Is problem solving possible at the age of seven?
When I opened my son’s school report several years ago and read that ‘Nicolas’s Problem Solving, Reasoning and Numeracy skills are weak and below his peers’, I realised that my son needed some extra help. I then started to teach Nicolas maths at home, typically for one or two hours per week. The exercises for that came from maths books based on the method developed for primary school children by maths educator and psychologist Vasily Davydov. Davydov’s method is based on the finding that around the age of seven children develop an ability to think in abstract terms, and that cognitive development occurs when children are confronted with a problem that can only be solved with a technique not yet known to them. Thus, in Davydov’s method children are constantly challenged, but in a way that is appropriate to their age. An American study has shown that children taught by Davydov’s method are able, by the age of ten, to solve maths problems not normally encountered until secondary school.
Davydov’s method has certainly worked well for Nicolas. He achieved Level 3a in maths at the end of Year 3 and Level 4b at the end of Year 4. After a few years of our maths lessons my eldest child is viewed as a ‘maths prodigy’ by his peers and teachers. In reality, he simply has a solid foundation which enables him to tackle ‘tricky’ questions correctly. My second child, who has been doing maths with me for about a year, is described as a ‘natural mathematician’. I do not necessarily see my children as future mathematicians, they love reading and are fascinated by history and one day might choose to study humanities. The important thing is that they both learned to enjoy maths, it feeds their natural curiosity, it gives them confidence and, I believe, will expand their choices in the future.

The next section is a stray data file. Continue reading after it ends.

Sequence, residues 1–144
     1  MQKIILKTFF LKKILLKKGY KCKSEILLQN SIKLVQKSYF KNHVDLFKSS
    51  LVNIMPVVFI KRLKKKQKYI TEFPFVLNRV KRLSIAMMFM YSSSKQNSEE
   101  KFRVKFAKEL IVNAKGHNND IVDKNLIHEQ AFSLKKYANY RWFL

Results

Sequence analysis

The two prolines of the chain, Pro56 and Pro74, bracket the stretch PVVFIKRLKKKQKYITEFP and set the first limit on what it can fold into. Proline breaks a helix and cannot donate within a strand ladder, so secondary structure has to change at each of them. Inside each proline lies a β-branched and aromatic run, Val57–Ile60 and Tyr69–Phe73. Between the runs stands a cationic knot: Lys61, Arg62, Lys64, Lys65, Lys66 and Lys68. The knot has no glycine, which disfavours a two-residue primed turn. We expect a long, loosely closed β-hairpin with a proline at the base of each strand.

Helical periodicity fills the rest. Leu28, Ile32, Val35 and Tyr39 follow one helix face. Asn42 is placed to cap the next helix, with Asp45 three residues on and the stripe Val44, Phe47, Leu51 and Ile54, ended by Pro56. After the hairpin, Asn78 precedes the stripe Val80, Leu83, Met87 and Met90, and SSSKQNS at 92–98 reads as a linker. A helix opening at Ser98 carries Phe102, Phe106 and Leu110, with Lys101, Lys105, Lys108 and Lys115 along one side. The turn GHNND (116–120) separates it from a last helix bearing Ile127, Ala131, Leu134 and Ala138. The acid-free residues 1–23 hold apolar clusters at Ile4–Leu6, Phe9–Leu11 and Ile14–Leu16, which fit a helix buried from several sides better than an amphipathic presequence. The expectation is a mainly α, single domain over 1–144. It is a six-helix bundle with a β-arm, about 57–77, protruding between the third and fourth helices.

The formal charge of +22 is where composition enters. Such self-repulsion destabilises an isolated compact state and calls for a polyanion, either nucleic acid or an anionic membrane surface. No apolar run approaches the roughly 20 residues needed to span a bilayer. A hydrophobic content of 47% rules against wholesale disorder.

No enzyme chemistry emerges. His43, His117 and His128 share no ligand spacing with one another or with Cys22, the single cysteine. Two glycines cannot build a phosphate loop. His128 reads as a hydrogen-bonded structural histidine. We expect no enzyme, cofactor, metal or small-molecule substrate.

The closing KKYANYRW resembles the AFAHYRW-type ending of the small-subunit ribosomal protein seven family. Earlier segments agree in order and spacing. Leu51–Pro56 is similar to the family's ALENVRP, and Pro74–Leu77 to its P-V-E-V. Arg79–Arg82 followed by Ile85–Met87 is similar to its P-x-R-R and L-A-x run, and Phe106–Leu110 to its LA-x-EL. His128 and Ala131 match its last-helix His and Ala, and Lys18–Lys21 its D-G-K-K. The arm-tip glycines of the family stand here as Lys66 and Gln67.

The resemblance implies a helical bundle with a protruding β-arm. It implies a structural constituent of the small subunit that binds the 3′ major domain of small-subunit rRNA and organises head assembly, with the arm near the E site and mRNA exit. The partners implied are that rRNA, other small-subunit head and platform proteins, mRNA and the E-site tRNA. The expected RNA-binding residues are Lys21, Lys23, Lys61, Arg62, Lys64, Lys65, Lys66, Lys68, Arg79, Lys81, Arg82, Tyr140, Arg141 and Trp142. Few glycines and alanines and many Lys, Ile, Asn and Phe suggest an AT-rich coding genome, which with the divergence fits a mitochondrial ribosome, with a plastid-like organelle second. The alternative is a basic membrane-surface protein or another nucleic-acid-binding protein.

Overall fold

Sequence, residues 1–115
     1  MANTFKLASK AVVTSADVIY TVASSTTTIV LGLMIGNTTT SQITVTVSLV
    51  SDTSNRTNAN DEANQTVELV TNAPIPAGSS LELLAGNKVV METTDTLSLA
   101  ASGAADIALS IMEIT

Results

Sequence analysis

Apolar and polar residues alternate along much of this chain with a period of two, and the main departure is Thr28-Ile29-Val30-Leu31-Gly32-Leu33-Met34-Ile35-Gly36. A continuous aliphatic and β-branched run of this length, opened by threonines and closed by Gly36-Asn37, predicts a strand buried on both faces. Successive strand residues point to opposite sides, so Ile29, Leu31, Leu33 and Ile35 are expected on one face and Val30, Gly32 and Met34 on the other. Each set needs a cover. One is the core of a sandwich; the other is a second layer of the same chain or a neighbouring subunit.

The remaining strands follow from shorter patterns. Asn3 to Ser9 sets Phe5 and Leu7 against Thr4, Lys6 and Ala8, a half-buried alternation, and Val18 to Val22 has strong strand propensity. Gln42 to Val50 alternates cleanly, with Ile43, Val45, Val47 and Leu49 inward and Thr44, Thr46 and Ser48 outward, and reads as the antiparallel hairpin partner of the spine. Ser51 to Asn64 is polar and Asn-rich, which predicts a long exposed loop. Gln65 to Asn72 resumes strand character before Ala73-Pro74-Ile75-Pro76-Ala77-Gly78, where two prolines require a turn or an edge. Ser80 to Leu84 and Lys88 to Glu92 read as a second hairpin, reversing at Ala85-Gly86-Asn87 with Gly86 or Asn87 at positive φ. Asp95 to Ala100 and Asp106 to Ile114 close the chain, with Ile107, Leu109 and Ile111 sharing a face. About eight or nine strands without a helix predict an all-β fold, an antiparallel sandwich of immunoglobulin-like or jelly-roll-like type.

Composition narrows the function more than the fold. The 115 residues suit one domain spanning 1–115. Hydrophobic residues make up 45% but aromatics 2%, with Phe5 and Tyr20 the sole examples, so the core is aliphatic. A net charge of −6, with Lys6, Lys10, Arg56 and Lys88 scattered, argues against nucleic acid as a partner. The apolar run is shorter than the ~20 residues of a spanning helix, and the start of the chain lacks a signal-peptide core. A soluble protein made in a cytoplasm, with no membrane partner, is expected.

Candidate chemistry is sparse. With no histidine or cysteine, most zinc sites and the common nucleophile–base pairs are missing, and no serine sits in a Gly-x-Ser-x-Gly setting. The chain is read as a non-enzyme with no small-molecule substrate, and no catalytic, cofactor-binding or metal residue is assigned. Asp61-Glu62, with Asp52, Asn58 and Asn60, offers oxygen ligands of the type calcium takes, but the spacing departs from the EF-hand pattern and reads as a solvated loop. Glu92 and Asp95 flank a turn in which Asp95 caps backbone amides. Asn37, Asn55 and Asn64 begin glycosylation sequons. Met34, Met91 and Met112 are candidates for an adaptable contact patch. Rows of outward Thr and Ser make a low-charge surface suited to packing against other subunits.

Here are some examples of exercises from our textbooks:
- Exercise for children aged seven
- Make up a story problem based on the equation: x + 23 = 61
- Exercise for children aged ten
- Write down the mathematical model and find all the possible solutions for this problem:
Natasha writes down a two digit number. When she reverses the digits and subtracts the new number from the original number the answer she gets is 45. What is her original number?’
Are you intrigued, interested, curious? Would you like your children to enjoy maths and be able to use it in the future whether they choose to be academics or business people? I believe that the foundations are laid in primary school. Later may be too late.